I arranged for a mooring near the clubhouse from the Ida Lewis Yacht Club.  I’ve never stopped there and had heard very nice things about the club.  It’s very charming.  The club is named for a famous lighthouse keeper that manned a lighthouse on the same pile of rocks in Newport Harbor.  She was revered for her bravery in rescuing sailors that came to ill in the harbor.    She received many awards from the USCG including their highest honor.

In the upstairs of the clubhouse is a light in an alcove, I expect honoring her.  The clubhouse is approached via a long walkway from shore that seems endless.It is a charming clubhouse and perfectly maintained. Brenda would love this image and would probably agree that it would make a great subject for a tapestry. What a view of Newport from their deck. And what better place to watch all the action from.  This Trumpy is Enticer, sistership to the once presidential yacht Sequoia.  And, of course, a perfect view of Pandora, not far away from the Ida Lewis clubhouse. How about this beautiful S boat.  She’s perfect. On my way into the harbor I passed this classic 12 meter America’s Cup boat out on a day charter. And this super modern cat. As I left the Newport Harbor yesterday this monster arrived.  It’s only two years old and is over 250′ long.  She was built in Germany for Joe Lewis, not the boxer and cost $250,000,000.  And, she takes 25 crew to run her and take car of up to 16 guests.  This yacht is in addition to his private jet, chopper and a few homes, including a huge spread in Argentina.  I guess that’s what you can buy if you’ve amassed a fortune of nearly $6,000,000,000.

When I wrote my last post, Brenda and I had just returned from our cruise with our friends and left Pandora at a mooring in Wickford.  We rented a car and I did a whirlwind run home to cut the lawn, water the plants and provision for this week’s cruise.  It was a real rush as we didn’t arrive home until dinner time and I had to return the car before 4 the next day.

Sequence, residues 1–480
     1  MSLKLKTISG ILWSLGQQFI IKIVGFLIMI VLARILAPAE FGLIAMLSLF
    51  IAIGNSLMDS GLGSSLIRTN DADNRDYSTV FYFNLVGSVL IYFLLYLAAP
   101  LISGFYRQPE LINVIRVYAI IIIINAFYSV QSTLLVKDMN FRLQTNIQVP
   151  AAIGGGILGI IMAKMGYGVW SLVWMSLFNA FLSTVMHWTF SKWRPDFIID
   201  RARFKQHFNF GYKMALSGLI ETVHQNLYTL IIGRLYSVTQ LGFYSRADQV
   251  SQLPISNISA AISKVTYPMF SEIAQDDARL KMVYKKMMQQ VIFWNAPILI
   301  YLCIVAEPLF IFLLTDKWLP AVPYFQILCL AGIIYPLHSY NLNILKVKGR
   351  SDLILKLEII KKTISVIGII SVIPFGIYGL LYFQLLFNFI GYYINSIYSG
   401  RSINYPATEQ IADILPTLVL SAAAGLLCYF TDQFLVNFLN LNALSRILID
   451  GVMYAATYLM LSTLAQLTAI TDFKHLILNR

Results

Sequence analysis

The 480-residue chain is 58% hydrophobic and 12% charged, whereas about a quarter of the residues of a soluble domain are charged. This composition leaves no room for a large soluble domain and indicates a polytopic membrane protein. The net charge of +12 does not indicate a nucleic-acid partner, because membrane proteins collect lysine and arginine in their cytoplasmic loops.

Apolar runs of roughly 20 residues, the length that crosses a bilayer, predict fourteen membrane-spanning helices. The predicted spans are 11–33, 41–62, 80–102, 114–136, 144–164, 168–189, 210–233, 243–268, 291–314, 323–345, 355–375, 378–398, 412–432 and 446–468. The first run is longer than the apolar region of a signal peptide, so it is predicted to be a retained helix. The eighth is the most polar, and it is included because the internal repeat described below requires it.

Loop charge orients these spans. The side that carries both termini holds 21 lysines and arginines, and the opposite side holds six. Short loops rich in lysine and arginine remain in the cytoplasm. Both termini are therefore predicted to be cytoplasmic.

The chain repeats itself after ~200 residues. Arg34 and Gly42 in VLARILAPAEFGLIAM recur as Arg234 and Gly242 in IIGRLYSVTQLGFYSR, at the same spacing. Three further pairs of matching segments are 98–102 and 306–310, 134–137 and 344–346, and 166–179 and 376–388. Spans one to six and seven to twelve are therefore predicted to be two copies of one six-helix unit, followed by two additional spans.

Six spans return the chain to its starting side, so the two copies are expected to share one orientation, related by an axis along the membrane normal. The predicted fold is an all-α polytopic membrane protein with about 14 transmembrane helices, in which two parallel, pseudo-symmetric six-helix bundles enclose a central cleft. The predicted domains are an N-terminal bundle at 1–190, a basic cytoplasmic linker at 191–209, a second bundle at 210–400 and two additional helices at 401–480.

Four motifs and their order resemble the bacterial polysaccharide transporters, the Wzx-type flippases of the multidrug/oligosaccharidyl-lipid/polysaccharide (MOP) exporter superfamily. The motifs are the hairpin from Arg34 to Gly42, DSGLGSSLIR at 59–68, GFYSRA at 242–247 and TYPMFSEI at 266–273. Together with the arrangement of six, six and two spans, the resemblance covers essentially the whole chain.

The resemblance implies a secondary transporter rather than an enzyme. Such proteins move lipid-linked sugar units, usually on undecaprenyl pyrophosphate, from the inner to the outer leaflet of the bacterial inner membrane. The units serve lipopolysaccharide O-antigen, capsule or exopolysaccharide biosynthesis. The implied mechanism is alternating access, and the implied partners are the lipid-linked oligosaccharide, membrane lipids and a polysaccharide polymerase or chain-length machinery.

I spent Friday night back aboard in Wickford, perhaps one of my favorite spots anywhere.  Very friendly and homey. I expect that the Lab on this paddle board feels the same, probably thinking, “this is my BEST DAY EVER!”  Well, either that or “I wonder when I’ll get another cookie?  that would make today my BEST DAY EVER”This home at the entrance of  Wickford harbor is particularly charming.  Before I close, a bit of housekeeping.  Pandora sports a stainless steel anchor and a galvanized steel anchor chain.  The problem is that when stainless and galvanized chain are linked there is a tendency to have the first few chain links loose their galvanizing due to electrolysis because stainless is a much more “noble” metal.   Each year I have to cut off a few links to remove the ones that have become rusted.   It’s not hard to see that this isn’t a good thing.   What to do?I borrowed a bolt cutter from the yard and clipped them off.  It was alarmingly easy.  What a scary pair of scissors. So, an experiment.  I secured two small sacrificial zincs, designed to corrode easily and save the more important metals from damage.   It’s not a perfect solution but I hope it will help.  I’ll report back on that.
So, here I am getting ready to hang out with the “big boys”, and I wonder how many of them will look at me and say “what are you doing here?”.   Not to worry, I know, I am acting as tender and know my place.  Wish me luck.   Good thing my ego isn’t all that tender.